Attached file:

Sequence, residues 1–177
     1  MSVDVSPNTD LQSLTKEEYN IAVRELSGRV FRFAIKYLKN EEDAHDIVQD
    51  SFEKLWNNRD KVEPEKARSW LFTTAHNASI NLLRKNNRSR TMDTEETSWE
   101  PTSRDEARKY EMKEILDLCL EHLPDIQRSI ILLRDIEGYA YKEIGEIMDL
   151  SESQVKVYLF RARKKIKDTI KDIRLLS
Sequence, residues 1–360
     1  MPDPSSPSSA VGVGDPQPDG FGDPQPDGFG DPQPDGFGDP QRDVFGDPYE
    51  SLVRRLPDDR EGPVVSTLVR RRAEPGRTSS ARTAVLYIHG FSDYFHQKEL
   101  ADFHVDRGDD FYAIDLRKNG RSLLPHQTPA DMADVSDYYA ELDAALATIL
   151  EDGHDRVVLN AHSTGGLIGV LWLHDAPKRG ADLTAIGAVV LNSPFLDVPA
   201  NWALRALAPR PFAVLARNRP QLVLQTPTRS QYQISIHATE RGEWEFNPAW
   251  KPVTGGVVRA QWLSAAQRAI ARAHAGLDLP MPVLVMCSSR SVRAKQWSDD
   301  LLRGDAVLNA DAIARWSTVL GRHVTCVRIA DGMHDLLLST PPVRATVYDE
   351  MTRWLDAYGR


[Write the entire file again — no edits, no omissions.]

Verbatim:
Sequence, residues 1–177
     1  MSVDVSPNTD LQSLTKEEYN IAVRELSGRV FRFAIKYLKN EEDAHDIVQD
    51  SFEKLWNNRD KVEPEKARSW LFTTAHNASI NLLRKNNRSR TMDTEETSWE
   101  PTSRDEARKY EMKEILDLCL EHLPDIQRSI ILLRDIEGYA YKEIGEIMDL
   151  SESQVKVYLF RARKKIKDTI KDIRLLS
Sequence, residues 1–360
     1  MPDPSSPSSA VGVGDPQPDG FGDPQPDGFG DPQPDGFGDP QRDVFGDPYE
    51  SLVRRLPDDR EGPVVSTLVR RRAEPGRTSS ARTAVLYIHG FSDYFHQKEL
   101  ADFHVDRGDD FYAIDLRKNG RSLLPHQTPA DMADVSDYYA ELDAALATIL
   151  EDGHDRVVLN AHSTGGLIGV LWLHDAPKRG ADLTAIGAVV LNSPFLDVPA
   201  NWALRALAPR PFAVLARNRP QLVLQTPTRS QYQISIHATE RGEWEFNPAW
   251  KPVTGGVVRA QWLSAAQRAI ARAHAGLDLP MPVLVMCSSR SVRAKQWSDD
   301  LLRGDAVLNA DAIARWSTVL GRHVTCVRIA DGMHDLLLST PPVRATVYDE
   351  MTRWLDAYGR